(Sound), v. t. [imp. & p. p. Sounded; p. pr. & vb. n. Sounding.] [F. sonder; cf. AS. sundgyrd
a sounding rod, sundline a sounding line (see Sound a narrow passage of water).]
1. To measure the depth of; to fathom; especially, to ascertain the depth of by means of a line and plummet.
2. Fig.: To ascertain, or try to ascertain, the thoughts, motives, and purposes of (a person); to examine; to
try; to test; to probe.
I was in jest,Dryden.
And by that offer meant to sound your breast.
I've sounded my Numidians man by man.Addison.
3. (Med.) To explore, as the bladder or urethra, with a sound; to examine with a sound; also, to examine
by auscultation or percussion; as, to sound a patient.
(Sound) v. i. To ascertain the depth of water with a sounding line or other device.
I sound as a shipman soundeth in the sea with his plummet to know the depth of sea.Palsgrave.
(Sound), n. [F. sonde. See Sound to fathom.] (Med.) Any elongated instrument or probe,
usually metallic, by which cavities of the body are sounded or explored, especially the bladder for stone,
or the urethra for a stricture.
(Sound), n. [OE. soun, OF. son, sun, F. son, fr. L. sonus akin to Skr. svana sound, svan
to sound, and perh. to E. swan. Cf. Assonant, Consonant, Person, Sonata, Sonnet, Sonorous,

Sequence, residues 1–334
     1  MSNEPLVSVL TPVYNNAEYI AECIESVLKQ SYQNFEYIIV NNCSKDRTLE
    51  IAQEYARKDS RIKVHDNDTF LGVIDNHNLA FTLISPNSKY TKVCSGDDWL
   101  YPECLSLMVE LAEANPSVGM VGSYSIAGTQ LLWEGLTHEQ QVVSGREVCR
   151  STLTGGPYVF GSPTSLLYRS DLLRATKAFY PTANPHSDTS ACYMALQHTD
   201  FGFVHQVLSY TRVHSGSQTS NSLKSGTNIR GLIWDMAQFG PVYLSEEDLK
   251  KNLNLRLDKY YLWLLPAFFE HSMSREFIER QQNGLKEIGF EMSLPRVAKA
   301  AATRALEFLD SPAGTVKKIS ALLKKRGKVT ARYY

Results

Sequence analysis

1. The peceived object occasioned by the impulse or vibration of a material substance affecting the
ear; a sensation or perception of the mind received through the ear, and produced by the impulse or
vibration of the air or other medium with which the ear is in contact; the effect of an impression made on
the organs of hearing by an impulse or vibration of the air caused by a collision of bodies, or by other
means; noise; report; as, the sound of a drum; the sound of the human voice; a horrid sound; a charming
sound; a sharp, high, or shrill sound.
The warlike soundMilton.
Of trumpets loud and clarions.
2. The occasion of sound; the impulse or vibration which would occasion sound to a percipient if present
with unimpaired; hence, the theory of vibrations in elastic media such cause sound; as, a treatise on sound.
In this sense, sounds are spoken of as audible and inaudible.
3. Noise without signification; empty noise; noise and nothing else.
Sense and not sound . . . must be the principle.Locke. Sound boarding, boards for holding pugging, placed in partitions of under floors in order to deaden
sounds. - - Sound bow, in a series of transverse sections of a bell, that segment against which the